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Back Location: Shadyside

513 Shady Avenue

Renovated Victorian house containing seven one bedroom and two bedroom apartments.

Located in the heart of Shadyside's East End, this Victorian apartment building is only minutes from downtown Pittsburgh and major universities, such as the University of Pittsburgh, Carnegie Mellon University and Chatham University.

Situated near University of Pittsburgh Medical Center (UPMC) area hospitals and just a few blocks from the retail shops and restaurants on Walnut Street, South Highland Avenue and Ellsworth Avenue, this residence allows quick, convenient access to the best that Pittsburgh has to offer. Not only is this building on the primary public bus transit lines (Port Authority of Allegheny County - PAT) that serve city neighborhoods, including Oakland and downtown, but grocery stores Whole Foods, Trader Joe's and Giant Eagle are within walking distance. The tree-lined and quiet, residential streets of this historic neighborhood lend a suburban feel to this urban area.

Building History

On the eastern section of Pittsburgh's Shadyside, near the corner of Howe Street, two Second Empire houses known as 513 and 517 Shady Avenue have stood since their construction in approximately 1877...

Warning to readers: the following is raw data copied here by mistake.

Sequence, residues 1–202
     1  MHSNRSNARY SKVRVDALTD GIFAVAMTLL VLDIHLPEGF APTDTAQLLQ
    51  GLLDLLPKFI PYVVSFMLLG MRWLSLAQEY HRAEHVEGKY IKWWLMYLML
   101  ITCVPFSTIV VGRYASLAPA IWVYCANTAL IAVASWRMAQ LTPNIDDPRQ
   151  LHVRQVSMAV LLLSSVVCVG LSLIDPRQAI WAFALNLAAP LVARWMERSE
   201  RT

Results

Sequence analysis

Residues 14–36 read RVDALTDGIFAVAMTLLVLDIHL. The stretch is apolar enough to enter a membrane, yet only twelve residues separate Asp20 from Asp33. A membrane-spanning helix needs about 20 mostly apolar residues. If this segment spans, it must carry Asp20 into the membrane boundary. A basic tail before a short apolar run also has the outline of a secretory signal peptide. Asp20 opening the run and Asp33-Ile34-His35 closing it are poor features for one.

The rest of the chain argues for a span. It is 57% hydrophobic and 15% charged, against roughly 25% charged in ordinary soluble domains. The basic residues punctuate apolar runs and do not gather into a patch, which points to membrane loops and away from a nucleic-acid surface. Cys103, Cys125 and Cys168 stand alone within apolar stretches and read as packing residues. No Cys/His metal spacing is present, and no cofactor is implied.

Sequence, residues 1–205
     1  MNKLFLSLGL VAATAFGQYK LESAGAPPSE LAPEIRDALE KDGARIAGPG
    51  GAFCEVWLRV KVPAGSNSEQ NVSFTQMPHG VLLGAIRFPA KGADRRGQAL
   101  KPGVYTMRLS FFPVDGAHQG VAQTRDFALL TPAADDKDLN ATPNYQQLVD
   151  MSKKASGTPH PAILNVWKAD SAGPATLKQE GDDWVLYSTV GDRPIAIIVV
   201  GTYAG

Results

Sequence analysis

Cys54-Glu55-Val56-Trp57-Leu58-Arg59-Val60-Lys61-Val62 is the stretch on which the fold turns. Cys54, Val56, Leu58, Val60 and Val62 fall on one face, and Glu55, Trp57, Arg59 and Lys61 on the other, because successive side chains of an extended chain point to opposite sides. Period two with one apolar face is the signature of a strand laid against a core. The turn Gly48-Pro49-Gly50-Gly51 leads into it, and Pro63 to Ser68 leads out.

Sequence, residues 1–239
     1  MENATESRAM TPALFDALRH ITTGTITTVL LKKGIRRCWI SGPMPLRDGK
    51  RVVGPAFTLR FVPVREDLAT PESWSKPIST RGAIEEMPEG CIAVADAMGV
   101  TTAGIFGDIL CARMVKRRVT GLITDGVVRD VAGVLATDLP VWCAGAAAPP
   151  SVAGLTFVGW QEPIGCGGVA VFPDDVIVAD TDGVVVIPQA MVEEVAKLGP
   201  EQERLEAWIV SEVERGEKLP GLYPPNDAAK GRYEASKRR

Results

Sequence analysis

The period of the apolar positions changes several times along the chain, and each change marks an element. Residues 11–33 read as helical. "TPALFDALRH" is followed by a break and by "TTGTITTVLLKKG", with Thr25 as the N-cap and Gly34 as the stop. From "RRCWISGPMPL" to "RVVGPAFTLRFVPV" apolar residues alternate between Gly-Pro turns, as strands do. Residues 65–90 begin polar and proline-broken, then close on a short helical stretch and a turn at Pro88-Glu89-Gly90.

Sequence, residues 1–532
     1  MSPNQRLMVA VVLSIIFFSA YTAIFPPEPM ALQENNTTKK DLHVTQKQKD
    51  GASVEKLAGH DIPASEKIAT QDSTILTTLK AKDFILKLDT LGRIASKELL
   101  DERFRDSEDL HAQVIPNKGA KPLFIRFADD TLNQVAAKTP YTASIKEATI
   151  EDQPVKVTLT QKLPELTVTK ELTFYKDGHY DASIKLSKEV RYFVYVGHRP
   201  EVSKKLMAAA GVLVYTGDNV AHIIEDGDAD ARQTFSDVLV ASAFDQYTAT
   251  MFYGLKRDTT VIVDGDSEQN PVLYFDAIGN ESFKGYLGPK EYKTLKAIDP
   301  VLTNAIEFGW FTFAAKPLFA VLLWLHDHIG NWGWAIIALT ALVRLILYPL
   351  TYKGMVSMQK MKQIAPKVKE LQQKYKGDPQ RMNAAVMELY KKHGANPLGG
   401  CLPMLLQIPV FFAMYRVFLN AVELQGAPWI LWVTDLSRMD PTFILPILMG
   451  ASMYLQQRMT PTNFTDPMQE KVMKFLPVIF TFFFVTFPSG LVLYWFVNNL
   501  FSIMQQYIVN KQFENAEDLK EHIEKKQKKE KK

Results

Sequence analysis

Read more about this building's history ›

On the eastern section of Pittsburgh's Shadyside, near the corner of Howe Street, two Second Empire houses known as 513 and 517 Shady Avenue have stood since their construction in approximately 1877. Standing side-by-side, these sister houses have observed Shadyside's transition from large country estates to a desirable and prosperous city neighborhood.

Built as mirror images of each other, the three-story brick houses at 513 and 517 Shady Avenue reflect the very popular Second Empire Style of the Victorian era. Between 1860 and 1880, this architectural style dominated American architecture, both public and private, particularly in rapidly growing industrial cities of the American Northeast and Midwest.

Considered modern rather than retrospective, Second Empire buildings were easily identifiable by their distinctive roof lines: mansard roofs, dormer windows and cornices supporting decorative brackets. Their appearance and function were well-suited to Pittsburgh's narrow urban lots, as they made the structure appear less massive.

Contact Franklin West, Inc. for additional information about this and other similar buildings in the Shadyside neighborhood.

*Researched history prepared by Alina L. Keebler for Franklin West, Inc.

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